Tuesday, February 01, 2005

TV: The Late Show with David Letterman

Appreciations of last night’s Johnny Carson tribute show abound, like the ones here and here. So I’ll single out what I liked best about it: Dave’s use of original TONIGHT SHOW “More to Come” artcards around the commercial breaks. A lovely touch.

Book: The Whole Equation, by David Thomson (2004)

You won’t find a more readable reference work than Thomson’s BIOGRAPHICAL DICTIONARY OF FILM. I share his views on some subjects; for instance, he calls Robert Mitchum “one of the best actors in the movies” and has a huge soft spot for Angie Dickinson.

More often than not our opinions clash violently. I’ve always thought of Ron Shelton, with his jaundiced eye for detail and skill at combining sex and comedy, as one of the most underrated American filmmakers and a legitimate heir to Preston Sturges. Thomson writes: “few directors depress me more.” Ouch.

Agree or disagree, he’s always worth reading. Which is why I was eager to tackle his latest book, subtitled “A History of Hollywood.” A grand enough subject, to be sure, but early on Thomson casts his net even wider. He’s not writing a history of movies, but a history of America in the time of movies. With Robert Towne’s script for CHINATOWN and F. Scott Fitzgerald’s THE LAST TYCOON as his lodestars.

That kind of ambition is rare these days. And this book serves as a reminder of why.

When I was in college, I took a course in film criticism. The instructor told us that the true measure of a critic was the ability to write a “thinkpiece.” He pronounced the word the way a physician would say “malignant.” You know what I’m talking about: one of those bloated Sunday arts section essays that takes a single decent idea and inflates it beyond significance. Like A. O. Scott’s recent jeremiad (which, alas, I can’t link to) about SIDEWAYS being the most overrated movie of the year.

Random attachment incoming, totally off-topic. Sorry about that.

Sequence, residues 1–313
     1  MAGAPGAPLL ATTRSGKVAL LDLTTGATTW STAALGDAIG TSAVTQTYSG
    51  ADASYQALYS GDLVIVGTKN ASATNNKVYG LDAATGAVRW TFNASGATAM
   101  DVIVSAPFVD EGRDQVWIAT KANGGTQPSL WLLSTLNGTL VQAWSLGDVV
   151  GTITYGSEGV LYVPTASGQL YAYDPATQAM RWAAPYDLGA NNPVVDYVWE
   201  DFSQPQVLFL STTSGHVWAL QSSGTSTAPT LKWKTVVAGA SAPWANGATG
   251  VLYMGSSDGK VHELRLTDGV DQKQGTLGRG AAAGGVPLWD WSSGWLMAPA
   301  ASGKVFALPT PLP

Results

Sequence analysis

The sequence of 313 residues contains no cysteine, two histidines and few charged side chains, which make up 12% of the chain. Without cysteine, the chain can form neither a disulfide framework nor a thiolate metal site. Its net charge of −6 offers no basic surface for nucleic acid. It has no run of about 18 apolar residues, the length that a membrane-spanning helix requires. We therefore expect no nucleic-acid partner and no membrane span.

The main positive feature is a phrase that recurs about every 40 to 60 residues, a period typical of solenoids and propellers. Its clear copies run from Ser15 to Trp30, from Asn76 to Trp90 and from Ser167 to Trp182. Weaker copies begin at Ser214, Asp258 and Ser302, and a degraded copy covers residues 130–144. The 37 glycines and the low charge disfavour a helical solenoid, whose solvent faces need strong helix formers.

Aside: Why do I have the feeling that if SIDEWAYS had been released in 1974 – directed by, say, Hal Ashby and starring George Segal as the sad-sack writer – our Tony would at some point have held it up as a shining example of the kind of film Hollywood just doesn’t make any more?

Thomson’s book feels like a series of tenuously linked thinkpieces. He’ll raise an intriguing point about the origins of film noir or the role of class in the life and work of Chaplin, then move on before developing it. Worse, the transitions between subjects are so intuitive as to border on the personal. He knows how these ideas fit together so he assumes we do, too. And before you know it, you’re left eating his intellectual dust.

There are stirring passages. He employs statistics on declining movie attendance to devastating effect. But overall, the book feels tired. Thomson is unhappy with the direction that film and the steadily shrinking audience have taken in the last twenty years, and he’s allowed that ennui to contaminate his writing.

Which is too bad. Because the current state of the movies is one of the subjects where the two of us see eye to eye.